If an opposing party answers a pleading, must a response be issued to opposing party's response before an amended pleading is filed?
In California, a party can amend their complaint once as a matter of course. The same goes for a Defendant's Answer and Affirmative Defenses. After that, leave of court is required. You will need to consult your Court's rules or a local attorney to determine if the same rules apply in your case.See question
I'm in the military . I hire a property manager to fine tenant to rent my home . The ten tat was late several time on the rent . Finally we got him for failure to pay , won judgment . I travel back to house to conduct and inspection of the ho...
I agree with my colleagues on this issue. Another issue to mention is that breach of contract may not be the only cause of action you would want to pursue against the property manager. You should consult an attorney to determine if you should also bring claims for fraud or violation of California's Business and Professions Code section 17200.
Best of luck and thank you for your service.See question
He's now saying hes going to put the house and credit card debt (all in his name) on my credit report. Can he do that? I know I might be responsible for 1/2 the credit card debt but can it really go on my credit report if I was never on the card t...
I agree with my colleagues, this sounds like nothing more than a meritless threat. He cannot legally do this. Even if the Court orders you responsible for the debts, it should not start appearing on your credit report. The credit card and mortgage companies are not bound by the terms of your divorce decree or a family court order assigning the debt to you or your spouse. This is because when your husband obtained the credit card, he entered into a contract with them. A family court judge does not have the power to alter the credit card or mortgage company’s rights under the contract.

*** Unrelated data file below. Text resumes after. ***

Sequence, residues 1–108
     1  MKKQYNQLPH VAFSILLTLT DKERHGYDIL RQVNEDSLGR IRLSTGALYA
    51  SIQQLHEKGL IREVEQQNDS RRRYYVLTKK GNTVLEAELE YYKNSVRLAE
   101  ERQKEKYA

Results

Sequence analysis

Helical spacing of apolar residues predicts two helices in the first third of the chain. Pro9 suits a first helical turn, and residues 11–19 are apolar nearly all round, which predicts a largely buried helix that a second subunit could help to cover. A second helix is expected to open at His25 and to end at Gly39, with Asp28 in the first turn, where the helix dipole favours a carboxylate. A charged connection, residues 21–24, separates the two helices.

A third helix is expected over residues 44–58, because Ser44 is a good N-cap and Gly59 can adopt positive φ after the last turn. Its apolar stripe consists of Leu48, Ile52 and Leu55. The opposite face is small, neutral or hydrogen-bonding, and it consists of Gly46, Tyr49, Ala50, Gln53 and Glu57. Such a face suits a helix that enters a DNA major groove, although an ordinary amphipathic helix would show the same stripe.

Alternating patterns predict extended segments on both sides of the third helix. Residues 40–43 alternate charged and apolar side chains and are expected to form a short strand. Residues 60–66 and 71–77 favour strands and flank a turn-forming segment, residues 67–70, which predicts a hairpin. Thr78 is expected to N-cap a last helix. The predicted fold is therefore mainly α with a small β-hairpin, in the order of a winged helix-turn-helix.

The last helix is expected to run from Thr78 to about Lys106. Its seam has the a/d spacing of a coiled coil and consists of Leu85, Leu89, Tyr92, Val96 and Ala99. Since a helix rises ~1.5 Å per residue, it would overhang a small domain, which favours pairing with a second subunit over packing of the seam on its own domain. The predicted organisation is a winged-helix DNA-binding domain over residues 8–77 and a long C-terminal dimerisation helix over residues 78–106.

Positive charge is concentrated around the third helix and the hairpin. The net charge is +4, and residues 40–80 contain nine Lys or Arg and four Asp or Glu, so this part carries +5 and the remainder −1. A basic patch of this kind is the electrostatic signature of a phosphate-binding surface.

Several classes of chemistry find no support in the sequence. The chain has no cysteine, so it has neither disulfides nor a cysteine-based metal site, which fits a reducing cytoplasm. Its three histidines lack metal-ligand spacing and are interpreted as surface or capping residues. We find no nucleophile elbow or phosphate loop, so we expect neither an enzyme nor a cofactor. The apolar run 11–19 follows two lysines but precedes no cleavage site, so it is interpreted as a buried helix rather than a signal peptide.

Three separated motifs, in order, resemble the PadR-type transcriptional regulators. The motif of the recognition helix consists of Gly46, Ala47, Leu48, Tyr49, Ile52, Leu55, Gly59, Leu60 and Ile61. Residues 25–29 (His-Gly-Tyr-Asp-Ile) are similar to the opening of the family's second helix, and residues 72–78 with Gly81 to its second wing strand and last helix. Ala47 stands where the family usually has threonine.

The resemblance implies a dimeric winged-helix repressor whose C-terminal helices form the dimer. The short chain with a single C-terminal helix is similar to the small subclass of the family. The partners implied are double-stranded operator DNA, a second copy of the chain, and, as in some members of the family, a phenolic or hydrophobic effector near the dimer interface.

If these items do begin showing up on your credit report, you can dispute them under both the Fair Credit Reporting Act (FCRA) and California's Consumer Credit Reporting Agencies Act (CCRAA). Each act is different and has different requirements. If the items do appear you should consult an attorney.See question
Will they remove the negative items right there and then, or will my documents be forwarded to the original creditors and debt collectors. I don't quite understand this process. Recently, I disputed negative credit items, and the collection a...
The Fair Credit Reporting Act (FCRA) and California's Consumer Credit Reporting Agencies Act (CCRAA) required the furnisher of credit information, in this instance the collection agency, to make a reasonable investigation regarding your credit reporting dispute. If you do send them additional supporting documents, these should be reviewed and analyzed in conjunction with your dispute. If the documents support your dispute, they should be removed by whomever is reporting your information to the credit reporting agencies. It is not clear exactly what documents they are requesting, but it does appear they are making an effort to resolve your dispute and providing those documents may assist them in doing so.
If the credit dispute is not corrected, you can sue the collection agency under both the FCRA and CCRAA. Under the FCRA, you are required to dispute the item with the credit reporting agency (Equifax, Experian, TransUnion) and then allow the furnisher of the information investigate and report back prior to filing a lawsuit against the collection agency. Although the credit reporting agencies allow you to make these disputes online, it may be better to lay a paper trail and send the dispute by certified mail with return receipt requested. Notably, the CCRAA does not have this requirement and allows you to sue the furnisher of information directly if they are inaccurately reporting on your credit report.
Your credit score is a very important issue and I wish you the best of luck in getting this matter resolved.See question